• When the chocolate has been softened and mixed with an equal proportion of sugar, as directed above, enclose singly in small portions of it some almonds previously well dried, or even slightly colored in the oven, after having been blanched.
  • Roll them very smooth in the hand and cover them with the comfits.
  • Filberts and pistachio-nuts may be substituted for the almonds with good effect; but they also must be perfectly dry.


Ginger, Cherry, Apricot and Nut Chocolates

  • White of 1 egg
  • 2 tablespoons of cold water
  • Sifted confectioner’s sugar
  • Almond or rose extract
  • Preserved Ginger
  • Candied cherries
  • Candied apricots
  • Halves of almonds
  • Halves of pecan nuts
  • 1/2 a pound of Baker's "Dot" Chocolate
  • Use the first four ingredients in making uncooked fondant.  (Caramel syrup is a great addition to this fondant, especially if nuts are to be used. Use three tablespoons of syrup and one tablespoonful of water with one egg white instead of the two tablespoons of water indicated in the recipe.)
  • Work the fondant for some time, then break off little bits and wrap around small pieces of the fruit, then roll in the hollow of the hand into balls or oblongs.
  • For other candies, roll a piece of the fondant into a ball, flatten it with the fingers and use to cover a whole pecan or English walnut meat.
  • Set each shape on a plate as it is finished.
  • They will harden very quickly.
  • Dip these, one by one, in Baker’s “Dot” Chocolate and set on an oilcloth.


Chocolate Nougatines

  • 1 cup of granulated sugar
  • 1/2 a cup of glucose
  • 1/2 a cup of honey (strained)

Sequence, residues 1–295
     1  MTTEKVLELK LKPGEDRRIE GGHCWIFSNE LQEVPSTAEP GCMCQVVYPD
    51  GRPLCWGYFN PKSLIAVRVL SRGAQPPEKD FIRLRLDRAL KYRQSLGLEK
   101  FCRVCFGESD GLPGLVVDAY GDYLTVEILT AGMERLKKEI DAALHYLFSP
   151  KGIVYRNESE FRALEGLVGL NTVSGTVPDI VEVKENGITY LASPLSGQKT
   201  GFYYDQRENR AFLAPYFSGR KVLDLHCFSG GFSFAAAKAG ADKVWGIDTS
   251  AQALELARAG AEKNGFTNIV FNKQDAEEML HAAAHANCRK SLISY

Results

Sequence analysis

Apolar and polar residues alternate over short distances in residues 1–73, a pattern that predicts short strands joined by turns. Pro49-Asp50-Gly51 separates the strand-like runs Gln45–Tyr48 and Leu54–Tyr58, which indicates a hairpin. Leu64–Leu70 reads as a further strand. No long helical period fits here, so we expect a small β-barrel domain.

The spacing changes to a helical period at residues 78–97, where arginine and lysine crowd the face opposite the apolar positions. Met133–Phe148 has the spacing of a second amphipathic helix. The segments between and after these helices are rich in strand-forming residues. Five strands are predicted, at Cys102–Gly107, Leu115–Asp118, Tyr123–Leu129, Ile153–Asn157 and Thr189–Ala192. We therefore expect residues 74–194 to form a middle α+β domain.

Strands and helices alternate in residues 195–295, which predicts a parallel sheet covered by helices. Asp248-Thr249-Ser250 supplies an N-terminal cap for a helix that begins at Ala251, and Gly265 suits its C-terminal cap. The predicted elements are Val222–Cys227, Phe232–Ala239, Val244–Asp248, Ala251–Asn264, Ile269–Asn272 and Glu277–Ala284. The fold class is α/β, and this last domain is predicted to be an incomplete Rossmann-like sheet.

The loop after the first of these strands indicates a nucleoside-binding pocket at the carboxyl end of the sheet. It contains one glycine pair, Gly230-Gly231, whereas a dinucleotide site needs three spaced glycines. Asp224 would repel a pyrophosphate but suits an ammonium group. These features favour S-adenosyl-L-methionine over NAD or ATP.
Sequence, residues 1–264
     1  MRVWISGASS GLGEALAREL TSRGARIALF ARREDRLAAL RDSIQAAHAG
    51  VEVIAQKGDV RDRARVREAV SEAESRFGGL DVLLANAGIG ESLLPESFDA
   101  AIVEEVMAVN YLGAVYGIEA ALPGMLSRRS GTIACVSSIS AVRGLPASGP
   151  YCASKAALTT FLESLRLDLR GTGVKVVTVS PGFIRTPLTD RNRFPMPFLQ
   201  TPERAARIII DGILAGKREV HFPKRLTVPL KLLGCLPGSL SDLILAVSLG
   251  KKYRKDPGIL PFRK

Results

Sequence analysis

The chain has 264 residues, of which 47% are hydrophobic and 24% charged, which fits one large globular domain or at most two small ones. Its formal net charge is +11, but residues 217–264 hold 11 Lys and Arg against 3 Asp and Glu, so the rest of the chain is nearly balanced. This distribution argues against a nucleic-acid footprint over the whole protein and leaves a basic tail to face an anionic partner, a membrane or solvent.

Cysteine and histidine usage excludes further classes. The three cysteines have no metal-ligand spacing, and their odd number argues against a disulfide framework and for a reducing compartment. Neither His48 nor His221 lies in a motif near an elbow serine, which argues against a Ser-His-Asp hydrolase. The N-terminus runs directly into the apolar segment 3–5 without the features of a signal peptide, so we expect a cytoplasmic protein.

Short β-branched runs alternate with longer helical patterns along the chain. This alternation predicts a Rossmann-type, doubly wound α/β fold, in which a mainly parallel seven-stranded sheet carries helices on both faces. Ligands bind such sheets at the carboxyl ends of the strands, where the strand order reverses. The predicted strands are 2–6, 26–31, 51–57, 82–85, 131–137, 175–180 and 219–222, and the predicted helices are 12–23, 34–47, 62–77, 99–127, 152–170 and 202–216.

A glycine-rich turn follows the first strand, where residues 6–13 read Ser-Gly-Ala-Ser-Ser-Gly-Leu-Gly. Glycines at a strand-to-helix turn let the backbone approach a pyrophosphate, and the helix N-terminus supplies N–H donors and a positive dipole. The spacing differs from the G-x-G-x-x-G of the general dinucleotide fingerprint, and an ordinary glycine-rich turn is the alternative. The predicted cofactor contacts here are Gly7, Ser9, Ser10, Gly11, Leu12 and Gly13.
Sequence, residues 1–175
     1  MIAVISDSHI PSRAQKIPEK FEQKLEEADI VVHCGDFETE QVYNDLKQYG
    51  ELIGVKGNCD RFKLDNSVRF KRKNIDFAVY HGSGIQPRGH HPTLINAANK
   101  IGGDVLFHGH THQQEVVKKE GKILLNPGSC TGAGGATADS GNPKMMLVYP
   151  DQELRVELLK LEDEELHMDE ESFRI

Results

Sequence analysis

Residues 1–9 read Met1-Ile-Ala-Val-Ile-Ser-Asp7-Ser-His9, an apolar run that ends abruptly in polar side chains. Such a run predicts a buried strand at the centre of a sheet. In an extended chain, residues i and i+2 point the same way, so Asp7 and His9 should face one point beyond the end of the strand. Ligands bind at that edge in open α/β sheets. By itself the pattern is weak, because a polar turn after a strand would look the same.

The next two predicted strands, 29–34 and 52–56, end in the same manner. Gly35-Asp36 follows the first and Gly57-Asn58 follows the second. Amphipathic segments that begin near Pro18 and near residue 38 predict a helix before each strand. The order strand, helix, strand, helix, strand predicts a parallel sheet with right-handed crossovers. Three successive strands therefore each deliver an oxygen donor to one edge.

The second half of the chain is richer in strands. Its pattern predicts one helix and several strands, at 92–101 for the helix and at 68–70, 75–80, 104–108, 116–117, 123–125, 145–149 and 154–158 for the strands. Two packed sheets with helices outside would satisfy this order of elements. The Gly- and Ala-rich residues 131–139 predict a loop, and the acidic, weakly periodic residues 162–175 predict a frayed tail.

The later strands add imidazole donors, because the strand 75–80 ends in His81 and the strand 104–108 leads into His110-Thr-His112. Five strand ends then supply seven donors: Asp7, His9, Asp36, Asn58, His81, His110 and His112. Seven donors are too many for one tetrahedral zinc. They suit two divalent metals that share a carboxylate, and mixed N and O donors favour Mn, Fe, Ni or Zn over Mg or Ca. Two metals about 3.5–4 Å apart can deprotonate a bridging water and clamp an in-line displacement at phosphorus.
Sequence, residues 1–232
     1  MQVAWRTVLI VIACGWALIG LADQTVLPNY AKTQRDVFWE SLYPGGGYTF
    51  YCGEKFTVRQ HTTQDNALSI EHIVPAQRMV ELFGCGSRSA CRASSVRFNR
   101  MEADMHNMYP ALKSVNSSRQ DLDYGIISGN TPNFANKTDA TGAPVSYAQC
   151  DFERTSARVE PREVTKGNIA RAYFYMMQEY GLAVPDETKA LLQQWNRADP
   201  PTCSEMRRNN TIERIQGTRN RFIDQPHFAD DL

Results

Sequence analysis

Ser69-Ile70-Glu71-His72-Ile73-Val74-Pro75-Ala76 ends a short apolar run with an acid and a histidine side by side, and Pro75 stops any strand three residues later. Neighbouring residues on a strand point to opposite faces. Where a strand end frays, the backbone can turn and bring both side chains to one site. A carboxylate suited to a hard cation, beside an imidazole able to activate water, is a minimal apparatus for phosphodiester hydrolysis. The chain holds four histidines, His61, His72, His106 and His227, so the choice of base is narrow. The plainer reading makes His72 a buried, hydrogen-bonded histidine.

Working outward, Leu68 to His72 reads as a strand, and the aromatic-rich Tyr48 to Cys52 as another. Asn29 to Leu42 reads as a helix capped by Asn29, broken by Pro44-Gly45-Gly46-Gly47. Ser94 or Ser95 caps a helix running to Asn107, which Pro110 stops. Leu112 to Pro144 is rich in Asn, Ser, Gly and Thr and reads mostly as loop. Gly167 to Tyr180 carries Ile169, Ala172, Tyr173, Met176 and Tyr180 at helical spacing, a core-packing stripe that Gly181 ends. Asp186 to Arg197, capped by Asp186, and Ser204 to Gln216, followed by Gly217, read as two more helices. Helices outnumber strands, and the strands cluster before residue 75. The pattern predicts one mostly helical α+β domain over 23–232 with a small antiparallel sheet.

• Piece of paraffine size of a pea
  • 1/4 a cup of water
  • 1/4 a teaspoonful of salt
  • The whites of 2 eggs, beaten dry
  • 1 cup of almond or English walnut meats, chopped fine
  • 1 teaspoonful of vanilla
  • About 1/2 a pound of Baker's "Dot" Chocolate
  • Put the sugar, glucose, honey, paraffine, and water over the fire
  • Stir occasionally and let boil to the hard ball degree, about 248 deg. F.
  • Add the salt to the eggs before beating them, and gradually pour on part of the syrup, beating constantly meanwhile with the egg beater
  • Return the rest of the syrup to the fire and let boil until it is brittle when tested in cold water or to 290 deg. F.
  • Then turn this gradually onto the eggs, beating constantly meanwhile
  • Return the whole to the saucepan, set over the fire on an asbestos mat and beat constantly until it becomes crisp when tested in cold water
  • Pour into a buttered pan a little larger than an ordinary bread pan and set aside to become cold
  • When cold cut into pieces about an inch and a quarter long and three-eighths of an inch wide and thick